The STOXX® Minimum Variance Indices are designed to achieve the lowest return volatility in a given investable universe. Every index in the family is constructed via an optimization process using the Axioma optimizer, risk models and an estimated covariance matrix.
A new study1 by Qontigo examines whether the Minimum Variance indices can still deliver their risk-reducing properties once its main tool — the covariance matrix — is hampered by rising correlations in times of geopolitical uncertainty.
To answer this question, the authors looked at the stress tests from nine recent geopolitical events (first row of Table 1)2 for different versions of the Minimum Variance indices. The analysis is run on the STOXX® Global 1800 Minimum Variance Index, STOXX® USA 900 Minimum Variance Index, EURO STOXX® Minimum Variance Index, and respective unconstrained versions,3 as well as on their benchmarks.
Stress test results (Table1) show that the Minimum Variance indices protect portfolios by a significant margin in market downturns, at a cost of smaller underperformance relative to the respective benchmarks, during market upturns. Results also show that the unconstrained versions of the Minimum Variance, which are free to achieve more extreme risk reductions, offer superior downside protection.
Sector and factor-style exposure and contribution
To dig deeper into the source of returns, the analysts decomposed the sector and factor-style exposures and contribution for the benchmarks and the Minimum Variance indices. In most cases, the Minimum Variance indices benefitted during downturns from being underweight in cyclical sectors such as information technology and, in some instances, industrials.
A world of increasing sources of risk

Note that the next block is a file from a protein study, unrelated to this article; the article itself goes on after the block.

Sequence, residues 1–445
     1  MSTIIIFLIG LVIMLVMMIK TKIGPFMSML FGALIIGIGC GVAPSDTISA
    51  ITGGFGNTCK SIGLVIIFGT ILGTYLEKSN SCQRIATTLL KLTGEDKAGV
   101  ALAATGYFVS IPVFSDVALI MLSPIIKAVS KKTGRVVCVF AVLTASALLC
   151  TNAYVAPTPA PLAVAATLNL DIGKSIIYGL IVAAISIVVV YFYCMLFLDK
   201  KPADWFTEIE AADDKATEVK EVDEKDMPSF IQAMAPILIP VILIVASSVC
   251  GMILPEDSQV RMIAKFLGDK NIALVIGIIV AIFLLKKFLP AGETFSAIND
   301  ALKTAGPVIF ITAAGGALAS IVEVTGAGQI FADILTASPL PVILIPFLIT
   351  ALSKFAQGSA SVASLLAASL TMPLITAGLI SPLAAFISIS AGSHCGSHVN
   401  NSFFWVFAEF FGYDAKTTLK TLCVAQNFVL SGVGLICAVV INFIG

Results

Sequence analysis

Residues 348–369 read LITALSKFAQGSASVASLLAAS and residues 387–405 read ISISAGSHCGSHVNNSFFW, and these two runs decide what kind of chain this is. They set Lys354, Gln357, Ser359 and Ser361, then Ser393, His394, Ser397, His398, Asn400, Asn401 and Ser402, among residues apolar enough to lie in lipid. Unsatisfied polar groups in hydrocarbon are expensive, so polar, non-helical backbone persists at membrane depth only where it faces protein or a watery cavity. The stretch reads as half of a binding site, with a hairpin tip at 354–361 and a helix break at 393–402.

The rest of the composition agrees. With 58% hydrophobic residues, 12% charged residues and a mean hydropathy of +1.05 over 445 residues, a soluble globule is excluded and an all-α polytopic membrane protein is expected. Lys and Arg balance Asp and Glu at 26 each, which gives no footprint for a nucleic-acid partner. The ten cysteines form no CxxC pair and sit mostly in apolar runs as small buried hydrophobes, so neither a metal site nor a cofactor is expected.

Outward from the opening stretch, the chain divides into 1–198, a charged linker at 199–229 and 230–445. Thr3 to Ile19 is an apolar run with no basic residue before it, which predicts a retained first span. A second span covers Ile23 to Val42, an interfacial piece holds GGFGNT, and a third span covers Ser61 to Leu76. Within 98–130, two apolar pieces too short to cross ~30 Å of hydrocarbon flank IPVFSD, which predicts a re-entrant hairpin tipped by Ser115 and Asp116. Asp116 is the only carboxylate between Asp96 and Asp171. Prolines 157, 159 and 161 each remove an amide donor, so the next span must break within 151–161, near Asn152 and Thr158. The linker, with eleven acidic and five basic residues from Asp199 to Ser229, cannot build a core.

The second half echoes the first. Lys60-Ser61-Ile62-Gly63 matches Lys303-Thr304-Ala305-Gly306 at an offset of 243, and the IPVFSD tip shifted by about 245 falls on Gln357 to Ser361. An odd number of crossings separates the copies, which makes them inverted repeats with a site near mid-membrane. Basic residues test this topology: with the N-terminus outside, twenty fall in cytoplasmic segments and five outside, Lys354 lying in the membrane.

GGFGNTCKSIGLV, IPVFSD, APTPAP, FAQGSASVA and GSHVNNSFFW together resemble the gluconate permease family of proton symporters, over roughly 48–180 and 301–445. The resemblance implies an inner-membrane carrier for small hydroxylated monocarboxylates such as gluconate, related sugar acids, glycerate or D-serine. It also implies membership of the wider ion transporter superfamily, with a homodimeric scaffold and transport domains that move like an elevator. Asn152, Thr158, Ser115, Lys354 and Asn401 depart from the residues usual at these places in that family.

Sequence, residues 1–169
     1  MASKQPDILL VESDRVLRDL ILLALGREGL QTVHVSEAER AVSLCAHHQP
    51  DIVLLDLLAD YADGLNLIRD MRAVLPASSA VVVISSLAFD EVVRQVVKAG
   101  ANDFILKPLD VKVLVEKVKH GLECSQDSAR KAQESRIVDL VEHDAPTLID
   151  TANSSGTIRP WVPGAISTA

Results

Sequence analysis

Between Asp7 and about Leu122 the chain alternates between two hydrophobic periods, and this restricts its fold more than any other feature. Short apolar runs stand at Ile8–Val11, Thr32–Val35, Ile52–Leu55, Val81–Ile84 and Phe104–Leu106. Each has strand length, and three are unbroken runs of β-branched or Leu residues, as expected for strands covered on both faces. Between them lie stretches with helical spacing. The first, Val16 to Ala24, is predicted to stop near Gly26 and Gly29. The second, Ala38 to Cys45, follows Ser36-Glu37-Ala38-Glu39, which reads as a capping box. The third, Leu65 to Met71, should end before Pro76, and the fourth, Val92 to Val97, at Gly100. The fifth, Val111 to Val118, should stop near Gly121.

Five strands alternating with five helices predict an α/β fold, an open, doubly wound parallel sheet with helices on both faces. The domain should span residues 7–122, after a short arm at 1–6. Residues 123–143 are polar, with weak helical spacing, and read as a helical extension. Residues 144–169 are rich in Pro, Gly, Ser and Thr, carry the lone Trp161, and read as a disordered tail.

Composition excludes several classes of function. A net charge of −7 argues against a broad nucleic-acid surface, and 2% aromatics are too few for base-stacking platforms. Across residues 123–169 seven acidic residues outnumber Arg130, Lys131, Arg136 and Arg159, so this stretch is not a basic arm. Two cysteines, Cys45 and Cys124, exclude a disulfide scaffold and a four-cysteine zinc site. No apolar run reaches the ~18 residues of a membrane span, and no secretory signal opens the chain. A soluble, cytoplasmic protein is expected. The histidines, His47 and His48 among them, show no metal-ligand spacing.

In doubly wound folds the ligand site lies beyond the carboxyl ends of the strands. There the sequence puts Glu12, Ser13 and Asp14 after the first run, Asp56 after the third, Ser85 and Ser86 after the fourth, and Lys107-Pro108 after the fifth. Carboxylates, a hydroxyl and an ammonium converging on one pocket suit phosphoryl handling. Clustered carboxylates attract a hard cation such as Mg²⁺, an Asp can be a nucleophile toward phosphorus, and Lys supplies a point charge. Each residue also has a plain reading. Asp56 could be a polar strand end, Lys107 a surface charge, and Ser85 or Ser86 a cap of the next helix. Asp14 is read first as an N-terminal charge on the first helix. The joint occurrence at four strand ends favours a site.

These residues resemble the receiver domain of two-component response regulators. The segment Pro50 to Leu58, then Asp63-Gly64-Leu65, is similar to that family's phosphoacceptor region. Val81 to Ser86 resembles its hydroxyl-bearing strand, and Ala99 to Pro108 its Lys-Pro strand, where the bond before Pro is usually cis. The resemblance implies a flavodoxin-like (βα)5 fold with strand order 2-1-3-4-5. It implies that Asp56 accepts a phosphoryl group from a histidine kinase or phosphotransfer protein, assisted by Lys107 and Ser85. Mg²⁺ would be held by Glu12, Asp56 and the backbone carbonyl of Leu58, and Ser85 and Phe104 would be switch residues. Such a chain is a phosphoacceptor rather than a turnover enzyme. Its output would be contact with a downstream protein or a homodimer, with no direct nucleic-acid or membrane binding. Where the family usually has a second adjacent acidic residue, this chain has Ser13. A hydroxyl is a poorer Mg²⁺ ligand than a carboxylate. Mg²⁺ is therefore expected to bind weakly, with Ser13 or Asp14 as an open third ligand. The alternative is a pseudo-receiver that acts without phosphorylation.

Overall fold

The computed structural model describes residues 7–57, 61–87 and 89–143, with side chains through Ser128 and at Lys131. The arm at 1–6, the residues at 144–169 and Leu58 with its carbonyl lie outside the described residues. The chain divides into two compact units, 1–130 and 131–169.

For readers interested in minimum variance’s long-term performance, the report also reviews the returns over the last decade. The results show that the indices consistently outperformed during market downturns and often outperformed in years of positive market returns. At the same time, they reduced volatility by as much as 40%, while limiting the depth and shortening the length of drawdowns.
Minimum Variance strategies can provide superior risk-return characteristics in times of market stress. While this is a welcome relief in an increasingly uncertain geopolitical world, investors should approach the strategies with full knowledge of the resulting portfolio constitution and characteristics.
- STOXX® Global 1800 Minimum Variance Index
- STOXX® USA 900 Minimum Variance Index
- EURO STOXX® Minimum Variance Index
1 D’Assier, O., Schon, C., Della Seta, M., ‘Minimum Variance: A Leg Up on Geopolitical Risk?’ Qontigo, October 2019.
2 The periods included in the analysis are: October 2018, when fears emerged that the US Federal Reserve was ‘overshooting’ in raising interest rates too fast; the three months from December 2018 during which the US and China were in promising trade negotiations; the run-up to the 2017 French presidential election; rising inflation fears in January 2018; an escalation of the trade war rhetoric between China and the US in May 2019; the inversion of the US Treasury yield curve in July 2019; the immediate aftermath of an initial ‘Brexit’ agreement in December 2017 between the UK and the European Union; and the period from May 2018 when expectations grew that the Fed would reverse some of its 2018 rate hikes.
3 The STOXX Minimum Variance Indices come in two versions: constrained and unconstrained. The former indices have a similar exposure to a market-cap index but with lower risk. Index construction rules are imposed to avoid extreme positionings arising from the risk minimization objective. The unconstrained version, on the other hand, has more freedom to fulfill its mandate of achieving the maximum possible risk reduction within the same universe of stocks.